[underlining by us for emphasis]

31. As we noticed PW1 and PW2 when they were examined in chief fully supported the prosecution case and their evidence was in tune with the FIS. We reiterate, there was no contradiction or omission marked by the defence while cross-examining the witnesses. In cross-examination there were some embellishments and with respect to the incident which took place on the crucial date and the witnesses resiled from the earlier testimony of they having witnessed the infliction of injury. According to the new version, spoken of by both PW1 and PW2, there was a commotion in front of the nearby toddy shop wherein the deceased was found to be quarreling. The deceased is said to have then hurriedly approached the fast food shop with around ten people following him. He is also said to have ordered an omelet, with PW2-the fast food shop owner; very unlikely of a person who was running away from a commotion, with about 10 people on his heels. Again, it is stated that when he was offered an omelet, he refused to take it, abused PW2 and stepped down on to the road, when the people standing there questioned him and in the resulting scuffle the deceased suffered the injuries to which he succumbed. It is also to be noticed that both the witnesses spoke of the accused having worn a ‘baniyan’ and a ‘dhothi’; obviously to challenge the recovery made under S.27 of a jeans and shirt.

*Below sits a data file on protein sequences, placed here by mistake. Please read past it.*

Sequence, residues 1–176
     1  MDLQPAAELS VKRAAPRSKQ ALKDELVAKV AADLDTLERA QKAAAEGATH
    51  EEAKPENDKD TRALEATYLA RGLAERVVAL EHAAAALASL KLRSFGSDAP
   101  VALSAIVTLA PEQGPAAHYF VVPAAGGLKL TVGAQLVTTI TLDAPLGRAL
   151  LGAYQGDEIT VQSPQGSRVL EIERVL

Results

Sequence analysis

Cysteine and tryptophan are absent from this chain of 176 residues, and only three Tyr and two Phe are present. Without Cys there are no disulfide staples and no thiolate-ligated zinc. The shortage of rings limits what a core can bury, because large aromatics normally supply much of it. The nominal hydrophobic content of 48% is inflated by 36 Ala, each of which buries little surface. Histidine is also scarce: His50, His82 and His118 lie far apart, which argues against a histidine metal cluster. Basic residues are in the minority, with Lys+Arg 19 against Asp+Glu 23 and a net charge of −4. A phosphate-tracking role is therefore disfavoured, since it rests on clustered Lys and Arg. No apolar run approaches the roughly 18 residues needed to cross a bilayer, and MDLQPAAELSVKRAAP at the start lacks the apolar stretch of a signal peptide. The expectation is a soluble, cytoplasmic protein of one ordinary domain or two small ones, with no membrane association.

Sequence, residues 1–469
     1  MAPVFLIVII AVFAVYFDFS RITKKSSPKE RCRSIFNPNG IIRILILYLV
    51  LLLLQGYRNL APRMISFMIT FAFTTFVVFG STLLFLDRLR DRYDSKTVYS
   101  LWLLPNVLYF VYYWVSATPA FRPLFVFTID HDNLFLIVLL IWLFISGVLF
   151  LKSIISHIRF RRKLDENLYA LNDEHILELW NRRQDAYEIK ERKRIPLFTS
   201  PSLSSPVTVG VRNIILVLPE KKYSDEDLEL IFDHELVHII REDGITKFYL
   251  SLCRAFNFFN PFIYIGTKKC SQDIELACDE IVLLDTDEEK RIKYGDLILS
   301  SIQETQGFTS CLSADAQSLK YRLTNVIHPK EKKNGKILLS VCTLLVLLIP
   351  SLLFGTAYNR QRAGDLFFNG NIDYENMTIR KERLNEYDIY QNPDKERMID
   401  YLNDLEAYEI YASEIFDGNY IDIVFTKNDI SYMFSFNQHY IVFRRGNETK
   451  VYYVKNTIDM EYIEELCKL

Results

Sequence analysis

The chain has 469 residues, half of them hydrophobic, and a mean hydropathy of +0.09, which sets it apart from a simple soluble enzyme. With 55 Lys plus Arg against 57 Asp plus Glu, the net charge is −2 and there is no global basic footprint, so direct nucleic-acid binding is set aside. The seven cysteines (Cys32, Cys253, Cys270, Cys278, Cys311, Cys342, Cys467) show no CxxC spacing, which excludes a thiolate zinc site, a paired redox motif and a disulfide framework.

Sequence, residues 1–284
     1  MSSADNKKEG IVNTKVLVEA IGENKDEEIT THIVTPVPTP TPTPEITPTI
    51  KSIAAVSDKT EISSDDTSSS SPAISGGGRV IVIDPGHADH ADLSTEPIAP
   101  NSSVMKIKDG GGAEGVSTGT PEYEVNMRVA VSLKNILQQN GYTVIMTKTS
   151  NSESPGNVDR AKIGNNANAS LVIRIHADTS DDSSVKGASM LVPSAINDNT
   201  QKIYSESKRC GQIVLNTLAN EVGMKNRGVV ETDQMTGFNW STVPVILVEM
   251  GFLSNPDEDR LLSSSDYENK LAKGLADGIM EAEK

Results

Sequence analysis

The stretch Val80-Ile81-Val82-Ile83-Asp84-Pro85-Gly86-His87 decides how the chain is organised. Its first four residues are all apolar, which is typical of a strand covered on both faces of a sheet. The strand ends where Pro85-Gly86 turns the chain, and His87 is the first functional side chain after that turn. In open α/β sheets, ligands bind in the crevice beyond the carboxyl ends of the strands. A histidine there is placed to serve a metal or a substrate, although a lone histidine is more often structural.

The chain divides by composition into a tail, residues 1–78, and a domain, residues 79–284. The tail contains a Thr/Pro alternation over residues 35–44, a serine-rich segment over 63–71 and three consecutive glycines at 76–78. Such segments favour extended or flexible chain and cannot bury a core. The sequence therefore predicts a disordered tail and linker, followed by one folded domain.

See also  41A CrPC. - Direction to ensure compliance of safeguards from arbitrary arrest in 498A Cases

32. We also have to notice that PW1 is a person who suffered an injury in the scuffle. The injury suffered was also on his left knee. This again is very unlikely in a scuffle, where the injuries caused on the deceased and on the witness were with a knife. As per the version in chief-examination, the incident commenced just in front of the fast food shop which was on a veranda, at a higher plane from the road (two steps high as seen from Ext.P2 Scene Mahazar). PW1 suffered the injuries when the accused brandished the knife to ward of those who intervened. The accused was then on the road, to which he stepped down from the raised veranda after he stabbed the deceased two or three times. On seeing the deceased being stabbed, PW1 intervened at which point the accused was on the road and PW1 on the raised veranda which resulted in the injuries to PW1s knee, when the accused waved the knife to ward of the intruder. The said version in chief-examination is very likely, while the other in cross-examination is very unlikely.